Tell Them, My Son
Ljubomir Kovačević, the famous Serbian historian, academic, teacher of Vladimir Ćorović and father-in-law of Milan Rakić, after the Battle of Kumanovo, escorted the body of his only son to the capital city, alone, in a separate wagon. Vladeta Kovačević heroically gave his young life on October 21, 1912 for the liberation of Old and Southern Serbia. Above the open grave, while everyone was crying in the immense crowd of people, only the hero’s father did not shed a tear. He held a short immortal sermon, with which he touched the very core of the Serbian ethos and ethnos, dedicating the sacrifice, his son and his fellow soldiers in all centuries

By: Jovan Pejčić

Stanoje Stanojević was the last friend who had seen Vladeta Kovačević (1882–1912) before his heroic death near Kumanovo. In the historical chronicle Serbian-Turkish War 1912, Stanojević wrote:
”On October 9 [21st according to the new calendar] my division entered the Pčinj valley. I was standing in front of the division headquarters that day in the morning, watching the army go by. The machinegun department of the VIII regiment was coming. A young, handsome, blond young man was riding a lively horse before the department. We greeted each other joyfully. I offered him coffee. He drank it and merrily rushed after his department.
In the morning of the following day, the Turks suddenly attacked us. An unexpectedly big and bloody battle began. It was a real fight, we were attacked by surprise and with a force which largely surpassed ours. We were confused and very worried.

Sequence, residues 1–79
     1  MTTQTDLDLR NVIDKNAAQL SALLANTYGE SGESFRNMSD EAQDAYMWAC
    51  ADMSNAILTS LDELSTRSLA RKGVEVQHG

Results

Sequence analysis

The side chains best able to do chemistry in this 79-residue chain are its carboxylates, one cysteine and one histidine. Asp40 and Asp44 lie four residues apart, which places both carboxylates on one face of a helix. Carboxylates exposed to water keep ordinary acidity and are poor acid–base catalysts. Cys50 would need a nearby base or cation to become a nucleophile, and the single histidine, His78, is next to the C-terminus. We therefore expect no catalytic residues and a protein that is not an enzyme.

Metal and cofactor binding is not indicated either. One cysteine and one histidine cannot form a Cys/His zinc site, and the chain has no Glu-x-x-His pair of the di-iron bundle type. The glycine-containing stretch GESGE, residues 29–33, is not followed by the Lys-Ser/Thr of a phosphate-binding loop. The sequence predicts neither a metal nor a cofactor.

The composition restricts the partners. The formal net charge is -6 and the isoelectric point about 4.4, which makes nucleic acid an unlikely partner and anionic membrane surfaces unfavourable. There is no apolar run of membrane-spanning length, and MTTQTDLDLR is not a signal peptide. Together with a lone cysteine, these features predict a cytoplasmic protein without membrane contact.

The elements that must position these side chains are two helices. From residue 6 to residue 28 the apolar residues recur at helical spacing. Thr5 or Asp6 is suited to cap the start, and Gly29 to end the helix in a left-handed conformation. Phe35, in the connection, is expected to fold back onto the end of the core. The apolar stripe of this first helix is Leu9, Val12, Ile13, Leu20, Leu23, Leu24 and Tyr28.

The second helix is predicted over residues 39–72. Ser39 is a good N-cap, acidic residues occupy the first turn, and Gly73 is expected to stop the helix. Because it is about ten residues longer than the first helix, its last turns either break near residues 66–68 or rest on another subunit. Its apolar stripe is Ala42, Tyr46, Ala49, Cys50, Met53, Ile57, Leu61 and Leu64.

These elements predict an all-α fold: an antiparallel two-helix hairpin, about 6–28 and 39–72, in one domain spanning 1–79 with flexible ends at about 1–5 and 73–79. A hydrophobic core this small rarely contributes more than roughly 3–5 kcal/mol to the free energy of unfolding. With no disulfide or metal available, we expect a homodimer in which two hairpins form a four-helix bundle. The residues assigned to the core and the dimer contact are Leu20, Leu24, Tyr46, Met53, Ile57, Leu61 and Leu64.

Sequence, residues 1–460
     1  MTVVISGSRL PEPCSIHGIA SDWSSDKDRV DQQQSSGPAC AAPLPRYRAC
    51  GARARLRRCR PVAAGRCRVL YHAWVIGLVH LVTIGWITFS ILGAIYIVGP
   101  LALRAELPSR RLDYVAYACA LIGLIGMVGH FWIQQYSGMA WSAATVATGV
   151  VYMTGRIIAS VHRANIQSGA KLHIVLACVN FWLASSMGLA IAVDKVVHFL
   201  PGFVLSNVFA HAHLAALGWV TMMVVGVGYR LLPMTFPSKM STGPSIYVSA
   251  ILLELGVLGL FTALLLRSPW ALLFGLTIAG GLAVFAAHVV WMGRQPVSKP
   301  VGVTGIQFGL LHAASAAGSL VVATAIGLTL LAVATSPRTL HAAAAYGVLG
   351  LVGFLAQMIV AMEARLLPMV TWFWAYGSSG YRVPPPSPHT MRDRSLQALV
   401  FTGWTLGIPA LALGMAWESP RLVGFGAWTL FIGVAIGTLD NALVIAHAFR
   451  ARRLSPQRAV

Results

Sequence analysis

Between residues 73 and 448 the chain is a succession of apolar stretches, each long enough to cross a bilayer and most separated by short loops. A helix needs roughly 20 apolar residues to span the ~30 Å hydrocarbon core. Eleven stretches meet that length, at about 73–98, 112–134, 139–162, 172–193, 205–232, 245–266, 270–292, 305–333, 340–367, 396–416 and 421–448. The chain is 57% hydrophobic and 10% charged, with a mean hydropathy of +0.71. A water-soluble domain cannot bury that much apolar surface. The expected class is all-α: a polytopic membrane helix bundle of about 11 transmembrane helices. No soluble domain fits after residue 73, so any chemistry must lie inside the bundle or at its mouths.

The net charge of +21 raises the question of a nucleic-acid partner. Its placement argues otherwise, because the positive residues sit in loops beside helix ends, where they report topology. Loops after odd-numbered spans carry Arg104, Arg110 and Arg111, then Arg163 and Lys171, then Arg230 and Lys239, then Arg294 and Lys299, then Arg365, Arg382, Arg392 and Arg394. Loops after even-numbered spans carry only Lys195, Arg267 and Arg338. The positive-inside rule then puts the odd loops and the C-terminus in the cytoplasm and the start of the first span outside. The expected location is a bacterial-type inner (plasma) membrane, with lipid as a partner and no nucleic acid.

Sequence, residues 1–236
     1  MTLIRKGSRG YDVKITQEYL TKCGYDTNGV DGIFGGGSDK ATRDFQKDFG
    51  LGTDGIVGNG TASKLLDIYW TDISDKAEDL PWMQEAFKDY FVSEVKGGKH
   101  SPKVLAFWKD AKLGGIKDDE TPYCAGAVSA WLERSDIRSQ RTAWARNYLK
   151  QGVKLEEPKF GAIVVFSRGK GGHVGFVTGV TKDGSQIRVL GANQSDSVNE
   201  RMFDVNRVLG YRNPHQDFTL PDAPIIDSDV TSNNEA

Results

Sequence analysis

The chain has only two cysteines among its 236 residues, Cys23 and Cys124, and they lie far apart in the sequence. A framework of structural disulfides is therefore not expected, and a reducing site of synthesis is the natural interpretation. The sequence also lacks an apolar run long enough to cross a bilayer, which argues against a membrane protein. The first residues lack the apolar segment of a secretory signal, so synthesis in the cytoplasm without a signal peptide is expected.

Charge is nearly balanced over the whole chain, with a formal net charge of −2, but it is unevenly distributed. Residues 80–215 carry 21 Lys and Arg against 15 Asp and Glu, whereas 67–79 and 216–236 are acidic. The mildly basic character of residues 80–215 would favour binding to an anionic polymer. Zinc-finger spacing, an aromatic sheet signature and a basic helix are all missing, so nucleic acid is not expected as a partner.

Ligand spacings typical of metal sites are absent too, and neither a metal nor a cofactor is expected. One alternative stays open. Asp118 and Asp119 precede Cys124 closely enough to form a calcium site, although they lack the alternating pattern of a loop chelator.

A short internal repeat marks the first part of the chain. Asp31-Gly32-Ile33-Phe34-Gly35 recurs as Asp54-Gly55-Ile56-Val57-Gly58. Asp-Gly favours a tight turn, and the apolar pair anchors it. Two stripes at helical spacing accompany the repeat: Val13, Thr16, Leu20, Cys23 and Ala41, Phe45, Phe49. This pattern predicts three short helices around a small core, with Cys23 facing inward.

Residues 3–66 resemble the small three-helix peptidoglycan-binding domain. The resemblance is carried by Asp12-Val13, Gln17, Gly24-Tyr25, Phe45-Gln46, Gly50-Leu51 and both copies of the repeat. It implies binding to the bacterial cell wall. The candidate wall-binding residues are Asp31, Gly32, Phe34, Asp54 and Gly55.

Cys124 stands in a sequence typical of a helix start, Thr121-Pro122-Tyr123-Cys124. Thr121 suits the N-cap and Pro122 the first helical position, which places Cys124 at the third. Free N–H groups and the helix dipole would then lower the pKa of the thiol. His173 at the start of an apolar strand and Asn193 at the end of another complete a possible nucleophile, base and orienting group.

Bad news started arriving from the front lines, each worse than the other, and one of the first was that, while moving to his position with the machinegun department, Vladeta Kovačević died.”
The survived fellow soldiers buried Vladeta the same day, on October 22, at the monastery cemetery of Mlado Nagoričane.
Immediately after the Battle of Kumanovo ended, his father, Ljubomir Kovačević, transferred his son’s body to Belgrade to bury him in the family tomb.
On October 18 according to the old, November 1, 1912 according to the new calendar, Ljubomir Kovačević – in whose home, as Politika wrote, the festive candle was extinguished after the death of his son – bid farewell above the open grave to his only son Vladeta Kovačević, diplomat and division officer of the Serbian army, who died in battles for liberating Old Serbia, with the following words: